Getting a sense of how the colors work together. A muted orange with some earthy tans for the fox. The leaves lean towards a yellow green, and a soft lilac purple complete the magic!

Sunday, February 15, 2015

It's all about that gray 'bout that grey, no color!

Here in the Pacific Northwest we can get a lot of grey days! Sometimes it's rain, other days it's a fog that never lifts. I'm ok with these kind of days! I like how the mist and rain acts as a shroud or cloak of neutrals that envelopes me and challenges me to use color sparingly.

These past two years I've been fascinated with the color gray! Look at how all these similar in value, beautiful shades of grey blend and give interest to the background. ..warm, cool, greenish, taupey, solids, textured!
In-progresss rug, Garden Gate.

Overcast days invite me to appreciate all that is gray in nature. Think about how that can translate to your hooked work!

Thursday, February 12, 2015

Hearts + Valentines


Yes, I suppose in my heart of hearts I am a sentimental fool! And There are a lot of us out there. I do get teary-eyed at commercials that are meant to pull at your heart strings, I do talk in a high baby voice to my dog sometimes, and I do love to put hearts in my hooked work, I even sign the "o" in my name, Marijo, when writing, with a heart shape! MARIJ❤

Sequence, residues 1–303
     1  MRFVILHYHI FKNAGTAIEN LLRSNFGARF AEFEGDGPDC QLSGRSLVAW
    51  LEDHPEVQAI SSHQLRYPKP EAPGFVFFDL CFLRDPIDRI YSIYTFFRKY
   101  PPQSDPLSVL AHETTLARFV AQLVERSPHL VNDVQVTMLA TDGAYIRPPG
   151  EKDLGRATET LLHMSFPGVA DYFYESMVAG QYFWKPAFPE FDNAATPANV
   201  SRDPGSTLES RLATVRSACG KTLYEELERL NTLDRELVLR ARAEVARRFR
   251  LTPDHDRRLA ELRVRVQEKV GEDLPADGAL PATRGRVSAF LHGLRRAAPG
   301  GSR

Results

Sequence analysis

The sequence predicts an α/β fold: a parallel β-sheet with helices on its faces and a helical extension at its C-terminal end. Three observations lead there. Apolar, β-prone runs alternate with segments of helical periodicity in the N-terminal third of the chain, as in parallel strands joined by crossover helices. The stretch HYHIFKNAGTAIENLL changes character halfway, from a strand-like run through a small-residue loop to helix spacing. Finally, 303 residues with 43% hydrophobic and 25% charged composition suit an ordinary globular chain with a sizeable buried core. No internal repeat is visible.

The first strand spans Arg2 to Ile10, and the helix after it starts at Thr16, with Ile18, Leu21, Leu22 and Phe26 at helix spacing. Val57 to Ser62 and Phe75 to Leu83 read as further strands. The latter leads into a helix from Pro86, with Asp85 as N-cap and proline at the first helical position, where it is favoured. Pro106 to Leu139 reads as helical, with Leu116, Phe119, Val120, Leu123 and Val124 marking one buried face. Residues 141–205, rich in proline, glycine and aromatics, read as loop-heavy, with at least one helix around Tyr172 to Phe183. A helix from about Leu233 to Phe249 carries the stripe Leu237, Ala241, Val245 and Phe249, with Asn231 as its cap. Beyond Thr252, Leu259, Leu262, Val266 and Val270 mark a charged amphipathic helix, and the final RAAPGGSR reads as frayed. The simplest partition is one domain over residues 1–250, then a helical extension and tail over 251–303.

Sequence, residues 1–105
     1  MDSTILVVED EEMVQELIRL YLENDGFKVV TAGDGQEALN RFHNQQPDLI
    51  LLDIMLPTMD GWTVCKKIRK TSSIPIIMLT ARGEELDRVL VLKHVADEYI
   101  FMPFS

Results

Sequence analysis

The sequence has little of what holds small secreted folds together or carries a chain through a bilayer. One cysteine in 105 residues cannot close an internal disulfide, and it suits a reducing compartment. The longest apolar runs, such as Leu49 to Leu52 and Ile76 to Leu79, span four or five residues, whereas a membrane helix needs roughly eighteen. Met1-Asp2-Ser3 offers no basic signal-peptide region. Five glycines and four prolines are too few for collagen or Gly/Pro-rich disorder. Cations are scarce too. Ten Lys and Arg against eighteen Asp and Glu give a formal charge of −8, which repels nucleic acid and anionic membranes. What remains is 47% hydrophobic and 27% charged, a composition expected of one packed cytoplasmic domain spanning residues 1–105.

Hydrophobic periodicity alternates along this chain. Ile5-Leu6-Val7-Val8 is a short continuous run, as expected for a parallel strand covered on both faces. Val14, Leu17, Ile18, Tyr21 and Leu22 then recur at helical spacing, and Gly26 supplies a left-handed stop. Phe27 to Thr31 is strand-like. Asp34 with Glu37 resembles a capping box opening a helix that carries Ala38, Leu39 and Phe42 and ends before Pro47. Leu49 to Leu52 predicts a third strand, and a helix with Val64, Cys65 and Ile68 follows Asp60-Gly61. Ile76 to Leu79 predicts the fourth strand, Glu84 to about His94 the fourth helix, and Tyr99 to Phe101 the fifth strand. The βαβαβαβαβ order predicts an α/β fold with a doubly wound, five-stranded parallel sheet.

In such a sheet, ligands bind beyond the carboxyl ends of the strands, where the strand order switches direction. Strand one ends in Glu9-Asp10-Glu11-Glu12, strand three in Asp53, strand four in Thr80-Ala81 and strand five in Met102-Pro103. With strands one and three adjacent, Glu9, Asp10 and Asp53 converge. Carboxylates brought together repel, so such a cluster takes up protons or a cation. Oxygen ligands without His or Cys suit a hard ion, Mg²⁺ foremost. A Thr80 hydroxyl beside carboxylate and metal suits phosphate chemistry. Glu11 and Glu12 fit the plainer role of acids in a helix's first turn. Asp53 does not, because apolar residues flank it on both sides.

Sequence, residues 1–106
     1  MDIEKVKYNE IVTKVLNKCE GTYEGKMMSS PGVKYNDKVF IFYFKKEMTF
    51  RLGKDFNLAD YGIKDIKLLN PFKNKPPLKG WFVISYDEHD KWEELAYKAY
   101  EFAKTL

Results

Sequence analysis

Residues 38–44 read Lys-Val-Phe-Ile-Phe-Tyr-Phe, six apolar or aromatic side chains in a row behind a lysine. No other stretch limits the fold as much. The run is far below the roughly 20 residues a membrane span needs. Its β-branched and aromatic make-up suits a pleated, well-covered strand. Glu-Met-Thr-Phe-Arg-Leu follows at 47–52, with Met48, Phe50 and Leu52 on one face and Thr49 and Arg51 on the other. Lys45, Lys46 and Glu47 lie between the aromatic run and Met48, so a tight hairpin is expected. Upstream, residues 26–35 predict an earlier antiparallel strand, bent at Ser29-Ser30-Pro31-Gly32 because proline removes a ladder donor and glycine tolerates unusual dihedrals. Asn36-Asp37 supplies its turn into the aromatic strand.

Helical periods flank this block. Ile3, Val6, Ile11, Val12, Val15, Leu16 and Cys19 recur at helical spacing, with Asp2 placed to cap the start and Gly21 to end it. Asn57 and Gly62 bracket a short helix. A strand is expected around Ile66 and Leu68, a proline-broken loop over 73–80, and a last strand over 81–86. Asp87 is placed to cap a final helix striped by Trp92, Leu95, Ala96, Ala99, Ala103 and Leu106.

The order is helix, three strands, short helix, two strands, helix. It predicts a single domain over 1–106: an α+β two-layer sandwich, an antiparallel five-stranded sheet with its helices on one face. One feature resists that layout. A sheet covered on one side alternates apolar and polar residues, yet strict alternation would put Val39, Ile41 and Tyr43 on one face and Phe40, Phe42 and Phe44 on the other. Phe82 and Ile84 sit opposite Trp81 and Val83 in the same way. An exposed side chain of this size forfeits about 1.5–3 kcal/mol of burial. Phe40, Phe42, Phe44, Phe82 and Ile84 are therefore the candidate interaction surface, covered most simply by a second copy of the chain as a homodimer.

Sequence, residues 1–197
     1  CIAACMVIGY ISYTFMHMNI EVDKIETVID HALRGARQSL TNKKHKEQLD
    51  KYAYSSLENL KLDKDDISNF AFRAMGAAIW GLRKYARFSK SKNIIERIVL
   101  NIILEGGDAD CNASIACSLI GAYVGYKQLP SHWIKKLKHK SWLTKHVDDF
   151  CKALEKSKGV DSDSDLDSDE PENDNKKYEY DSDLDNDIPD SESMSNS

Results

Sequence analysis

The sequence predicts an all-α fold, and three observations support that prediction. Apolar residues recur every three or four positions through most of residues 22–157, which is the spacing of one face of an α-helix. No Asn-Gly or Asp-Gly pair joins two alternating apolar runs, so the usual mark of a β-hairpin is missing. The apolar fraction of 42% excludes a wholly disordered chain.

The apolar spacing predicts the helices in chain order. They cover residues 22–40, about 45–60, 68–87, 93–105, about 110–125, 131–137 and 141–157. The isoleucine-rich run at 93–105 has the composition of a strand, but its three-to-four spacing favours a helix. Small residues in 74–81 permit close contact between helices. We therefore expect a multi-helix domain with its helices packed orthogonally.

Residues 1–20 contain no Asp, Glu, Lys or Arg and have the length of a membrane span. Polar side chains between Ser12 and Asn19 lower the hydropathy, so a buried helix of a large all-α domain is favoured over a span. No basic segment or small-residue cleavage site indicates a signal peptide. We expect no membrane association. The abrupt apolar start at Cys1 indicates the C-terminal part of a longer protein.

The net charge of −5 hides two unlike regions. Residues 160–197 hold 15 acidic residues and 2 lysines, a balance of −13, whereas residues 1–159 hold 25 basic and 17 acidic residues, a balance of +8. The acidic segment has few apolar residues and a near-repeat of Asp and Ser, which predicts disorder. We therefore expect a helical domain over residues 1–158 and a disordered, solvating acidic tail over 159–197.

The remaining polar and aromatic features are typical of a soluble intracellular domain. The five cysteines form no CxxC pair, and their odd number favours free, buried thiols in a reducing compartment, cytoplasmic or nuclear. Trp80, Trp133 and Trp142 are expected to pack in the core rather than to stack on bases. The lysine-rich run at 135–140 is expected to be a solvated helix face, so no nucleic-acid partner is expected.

I don't pretend to be the only fiber artist that loves hearts, I have a photo of a rug dated from 1875 with two big hearts in the center as focalpoints!

One of the first rugs I designed back in the 80's had a heart at the center, birds on either side and vining flowers. Thirty years later, I haven't gotten tired of using the heart motif, sometimes it's just exactly that, a heart, as in Farm & Sugarloaf Mountain... Sometimes it's a strawberry, with the shape of a heart, or a mouse with a heart hanging from his tail, or in my most current in progress rug, it's an open heart, inspired by a lovely iron garden gate.
Garden Gate, In Progress

Do you have a favorite rug that you've hooked with a heart? Or One on your wish list of projects? Maybe from a vintage rug? And I suppose it is possible, that hearts aren't your "thing" in any way, shape or form. That's ok! So, if that's the case, and hearts aren't your thing, then surely there is some other motif or design topic that does make YOUR heart sing!

Epimedium in my Garden

Find my work at: at: